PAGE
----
“Sell all that you have and distribute to the poor, and you will have treasure in heaven; and come, follow Me” (Luke 18:22).
The rich young ruler in this passage came to Jesus with a genuine question on how he might receive eternal life but his problem starts from his question, “What must I do?” He had a wrong mind set and this would be his undoing.
It would appear that he was either a Pharisee or at least following their teaching. Jesus asked if he had kept the commandments relating to human relationships and the ruler claimed that he had always kept them. Was that presumptuous? Maybe, but Jesus then gave him a command that did not fit within his framework of reference, his spiritual laws.
He had kept the letter of the moral law. He had kept the ceremonial law but what Jesus asks is that he observe the first two commandments by doing something that didn’t fit within his framework.
- You shall have no other gods before Me
- You shall not make yourself a carved image …
It didn’t make sense to give everything away. His wealth was the evidence of his goodness and God’s blessing. His own law had overshadowed Jesus’ commandment. The fact is that this young ruler had made a god of the law.
Was he not a spiritual man? He obeyed the commandments and fulfilled all the rituals. To any observer he was a righteous man, but not to Jesus.
We are at risk of doing the same. The apostles Paul and John both warn against such people. They create a god out of moral law (but only to a level they can attain) and ritualistic practice to observe and believe that they are spiritual if they can maintain these. They also impose these on others as a measure of spirituality (legalism). The form has become their god.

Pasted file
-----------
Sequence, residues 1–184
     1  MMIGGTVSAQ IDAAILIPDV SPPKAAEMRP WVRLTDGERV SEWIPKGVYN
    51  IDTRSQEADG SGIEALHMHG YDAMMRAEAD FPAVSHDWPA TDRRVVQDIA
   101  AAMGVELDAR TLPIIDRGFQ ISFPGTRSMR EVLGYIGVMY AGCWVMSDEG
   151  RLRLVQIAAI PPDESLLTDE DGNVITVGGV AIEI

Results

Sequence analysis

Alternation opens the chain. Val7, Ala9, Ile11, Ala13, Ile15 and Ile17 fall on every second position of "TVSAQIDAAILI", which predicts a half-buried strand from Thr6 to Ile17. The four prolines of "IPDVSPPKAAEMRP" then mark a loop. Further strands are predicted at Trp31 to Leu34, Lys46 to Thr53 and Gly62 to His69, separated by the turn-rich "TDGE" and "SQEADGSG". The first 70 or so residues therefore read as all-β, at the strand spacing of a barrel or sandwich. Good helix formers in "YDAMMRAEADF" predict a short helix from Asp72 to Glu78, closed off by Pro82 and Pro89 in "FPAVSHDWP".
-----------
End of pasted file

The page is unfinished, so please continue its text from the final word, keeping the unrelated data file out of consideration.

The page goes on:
Jesus’ direct command to the ruler fell on unhearing ears. What Jesus commanded did not make sense to one who bases their spirituality on outward observance and material blessing. He could justify that to other men but he could not justify giving all his wealth away. That looked foolish.
A few verses (9-14) earlier Luke has recorded a parable that Jesus spoke of a Pharisee who loved to pray in public. Is prayer wrong? No, of course not but this man’s idea of prayer is wrong. He wanted public prayer so that he could show others how spiritual he was. He was proud of his (supposed) greater spirituality than the tax collector.
Jesus says it was the tax collector who was righteous not the Pharisee.
Oswald Chambers makes the valid point that it is what a man does in the private place with God that matters not what he does in the public arena before men. One wants to be seen of God and the other wants to be seen of men. The latter can always justify himself before men the former only seeks to be justified before God.